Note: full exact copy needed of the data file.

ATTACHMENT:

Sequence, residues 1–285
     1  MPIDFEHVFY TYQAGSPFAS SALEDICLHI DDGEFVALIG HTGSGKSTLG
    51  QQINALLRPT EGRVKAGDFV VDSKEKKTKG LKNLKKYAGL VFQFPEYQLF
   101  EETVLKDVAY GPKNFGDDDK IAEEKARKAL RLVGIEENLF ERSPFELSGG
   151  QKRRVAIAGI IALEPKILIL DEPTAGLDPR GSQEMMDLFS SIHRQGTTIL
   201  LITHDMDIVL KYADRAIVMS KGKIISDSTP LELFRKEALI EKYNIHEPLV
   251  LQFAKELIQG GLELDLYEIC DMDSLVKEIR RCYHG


Sequence, residues 1–285
     1  MPIDFEHVFY TYQAGSPFAS SALEDICLHI DDGEFVALIG HTGSGKSTLG
    51  QQINALLRPT EGRVKAGDFV VDSKEKKTKG LKNLKKYAGL VFQFPEYQLF
   101  EETVLKDVAY GPKNFGDDDK IAEEKARKAL RLVGIEENLF ERSPFELSGG
   151  QKRRVAIAGI IALEPKILIL DEPTAGLDPR GSQEMMDLFS SIHRQGTTIL
   201  LITHDMDIVL KYADRAIVMS KGKIISDSTP LELFRKEALI EKYNIHEPLV
   251  LQFAKELIQG GLELDLYEIC DMDSLVKEIR RCYHG